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Mid Staffs nurse retires after 50 years' service

  • 5 Comments

A nurse specialist at Mid Staffordshire Foundation Trust is to retire after working at the trust for almost 50 years.

Sue Coghlan started her pre-nurse training in 1961 at the age of 15, at the Staffordshire General Infirmary and she went on to gain her State Registered Nursing qualification in 1968 and has worked for the NHS in Stafford ever since.

The mother-of-two worked at the SGI until being transferred to the new Stafford General Hospital when it opened in 1983.

The smoking cessation snurspecialist started weekly stop smoking clinics at Stafford and Cannock Chase Hospitals in 1998 while also working in oncology clinics.

Sue, aged 67, said: “My father died from lung cancer when I was very young. My mother was a nurse and ever since I can remember it was all I wanted to be. I completed my training under the watchful eye of Matron De Prato, who was a very strict lady and an excellent matron. I have seen many changes over the years and have enjoyed my career immensely.”

Stafford-born Sue said her last day, on Thursday March 28, would be an emotional one: “This is the end of my nursing career, something I have done almost all of my life and I will miss it greatly. I will especially miss my fantastic friends, colleagues, consultants and patients with whom I have worked for so many years.”

Colin Ovington, director of nursing and midwifery at the Trust, said: “Nearly 50 years is an incredible amount of time to commit to a career in nursing and we salute Sue’s devotion to her patients.

“She will be missed by many and we wish her well in her retirement.”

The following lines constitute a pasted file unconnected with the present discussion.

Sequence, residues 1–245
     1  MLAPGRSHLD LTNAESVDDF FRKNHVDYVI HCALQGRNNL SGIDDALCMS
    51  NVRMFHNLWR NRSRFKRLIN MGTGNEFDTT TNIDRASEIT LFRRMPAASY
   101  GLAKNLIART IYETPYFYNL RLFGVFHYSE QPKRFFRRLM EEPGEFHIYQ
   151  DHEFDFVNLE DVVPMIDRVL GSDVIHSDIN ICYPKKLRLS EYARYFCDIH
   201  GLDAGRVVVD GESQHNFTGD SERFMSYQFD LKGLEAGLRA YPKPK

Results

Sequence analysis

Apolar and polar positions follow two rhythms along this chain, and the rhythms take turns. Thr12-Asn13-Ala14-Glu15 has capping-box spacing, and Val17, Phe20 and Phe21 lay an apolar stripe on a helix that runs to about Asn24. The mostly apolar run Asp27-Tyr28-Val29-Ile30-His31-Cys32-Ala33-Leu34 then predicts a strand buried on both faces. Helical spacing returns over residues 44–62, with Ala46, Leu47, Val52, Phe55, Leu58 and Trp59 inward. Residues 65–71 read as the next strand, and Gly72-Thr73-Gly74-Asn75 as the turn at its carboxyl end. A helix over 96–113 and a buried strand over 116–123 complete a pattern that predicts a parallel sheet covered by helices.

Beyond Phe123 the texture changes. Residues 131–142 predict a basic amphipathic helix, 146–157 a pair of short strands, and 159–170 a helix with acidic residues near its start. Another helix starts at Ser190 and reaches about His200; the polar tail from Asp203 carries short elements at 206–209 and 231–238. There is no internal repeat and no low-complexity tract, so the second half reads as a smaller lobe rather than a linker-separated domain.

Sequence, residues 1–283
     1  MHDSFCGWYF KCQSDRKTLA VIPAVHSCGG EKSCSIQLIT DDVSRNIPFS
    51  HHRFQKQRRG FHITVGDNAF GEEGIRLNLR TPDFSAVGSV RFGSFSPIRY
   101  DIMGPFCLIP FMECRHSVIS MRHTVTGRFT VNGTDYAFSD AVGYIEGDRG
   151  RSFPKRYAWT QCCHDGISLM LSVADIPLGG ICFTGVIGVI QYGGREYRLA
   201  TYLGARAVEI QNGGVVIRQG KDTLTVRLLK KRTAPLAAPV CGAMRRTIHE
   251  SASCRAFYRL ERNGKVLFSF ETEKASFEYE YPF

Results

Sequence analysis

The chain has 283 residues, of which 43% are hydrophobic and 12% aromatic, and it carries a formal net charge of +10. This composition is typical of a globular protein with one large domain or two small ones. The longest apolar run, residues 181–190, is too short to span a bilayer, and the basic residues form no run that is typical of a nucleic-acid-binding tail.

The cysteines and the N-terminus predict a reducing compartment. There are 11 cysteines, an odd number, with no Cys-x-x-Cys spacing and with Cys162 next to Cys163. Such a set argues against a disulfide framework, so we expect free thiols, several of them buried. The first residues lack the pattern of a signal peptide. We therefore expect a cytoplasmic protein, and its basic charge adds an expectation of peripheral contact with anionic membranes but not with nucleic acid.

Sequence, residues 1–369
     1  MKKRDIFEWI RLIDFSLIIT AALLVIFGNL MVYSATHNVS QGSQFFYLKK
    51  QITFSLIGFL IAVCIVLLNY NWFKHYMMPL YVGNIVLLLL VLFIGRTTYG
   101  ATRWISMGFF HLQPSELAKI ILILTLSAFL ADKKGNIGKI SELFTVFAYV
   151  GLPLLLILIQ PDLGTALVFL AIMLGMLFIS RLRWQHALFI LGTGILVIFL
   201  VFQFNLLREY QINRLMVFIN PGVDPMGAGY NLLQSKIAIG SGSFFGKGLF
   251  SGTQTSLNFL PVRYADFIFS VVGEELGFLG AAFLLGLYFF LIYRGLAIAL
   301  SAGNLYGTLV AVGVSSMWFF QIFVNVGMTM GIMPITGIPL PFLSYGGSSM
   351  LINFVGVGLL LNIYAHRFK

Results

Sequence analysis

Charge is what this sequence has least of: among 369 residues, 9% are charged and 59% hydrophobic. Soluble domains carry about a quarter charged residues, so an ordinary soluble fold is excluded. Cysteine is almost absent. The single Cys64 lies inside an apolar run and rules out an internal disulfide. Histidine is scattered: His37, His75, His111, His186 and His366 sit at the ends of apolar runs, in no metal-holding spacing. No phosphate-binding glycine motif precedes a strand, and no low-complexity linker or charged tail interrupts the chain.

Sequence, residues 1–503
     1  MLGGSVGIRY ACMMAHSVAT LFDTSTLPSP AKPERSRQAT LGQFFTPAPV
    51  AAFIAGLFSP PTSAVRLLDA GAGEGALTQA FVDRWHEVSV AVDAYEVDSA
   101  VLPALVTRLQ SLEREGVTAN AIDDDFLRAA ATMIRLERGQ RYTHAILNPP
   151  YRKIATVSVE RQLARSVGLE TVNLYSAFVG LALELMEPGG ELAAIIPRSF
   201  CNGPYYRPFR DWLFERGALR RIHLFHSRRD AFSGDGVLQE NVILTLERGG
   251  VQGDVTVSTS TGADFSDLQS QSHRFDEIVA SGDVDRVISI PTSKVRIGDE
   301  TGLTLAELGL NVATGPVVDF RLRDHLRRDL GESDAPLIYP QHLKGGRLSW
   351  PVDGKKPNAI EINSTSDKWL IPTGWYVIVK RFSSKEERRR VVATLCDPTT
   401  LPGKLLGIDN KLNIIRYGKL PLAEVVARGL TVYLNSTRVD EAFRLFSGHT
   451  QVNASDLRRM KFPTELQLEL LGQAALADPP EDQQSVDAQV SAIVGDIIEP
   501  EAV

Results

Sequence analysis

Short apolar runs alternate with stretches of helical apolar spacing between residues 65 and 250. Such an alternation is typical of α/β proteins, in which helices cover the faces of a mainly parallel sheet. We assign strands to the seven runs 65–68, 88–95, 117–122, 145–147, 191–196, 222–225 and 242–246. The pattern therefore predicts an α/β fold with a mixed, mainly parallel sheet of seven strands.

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  • 5 Comments

Readers' comments (5)

  • The woman deserve a medal, what a terrible shame that she has retired with all the media attention on the hospital she so obviously loved. It's encouraging to see something positive written about this trust, it must be so demoralising for the good staff who work there.

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  • I wish Ms Coghlan a long, happy and well deserved climate. It is sad end a career under such a shadow even though not every department or nurse or other staff member was involved.

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  • I hope this lady has a long and happy retirement. I'm leaving soon after 37 years and thought I'd done well. I would have liked to have stayed for at least 40 but it's become too stressful now. To make it to 50 years is fantastic and the end of a wonderful era.

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  • Joy Millar

    I am a New Zealand Registered Nurse and have also completed 50 years of service in Nursing (7 July 1963 to 7 July 2013). I haven't retired nor do I intend to do so in the near future.

    I spend ½ of my life in New Zealand, working PM or Night duty at a very busy private Accident & Emergency Clinic. I also receive National Superannuation from the NZ Government. This funds my passion for providing top Nursing Care to people outside NZ borders.

    The rest of my time I spend overseas (Outback Australia, Niue Island, Solomon Islands, Papua New Guinea, Thailand, Cambodia, Viet Nam & Fiji). I provide free Primary Health Care &/or Emergency Care following Tsunamis, Earthquakes, Cyclones & other National Disasters, for peoples in these countries. Most have little or no access to any care from a health care professional.

    I am poor, money wise, but extremely rich in having wonderful national friends from all these low resource countries.

    September 2012 until January 2013 I studied at London University, School of Hygiene & Tropical Medicine to gain my Diploma in Tropical Nursing.

    Did I mention retiring? I don't think so.

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  • Joy Millar

    See: www.freewebs.com/nursecare or e-mail me at: nursecare@xtra.co.nz

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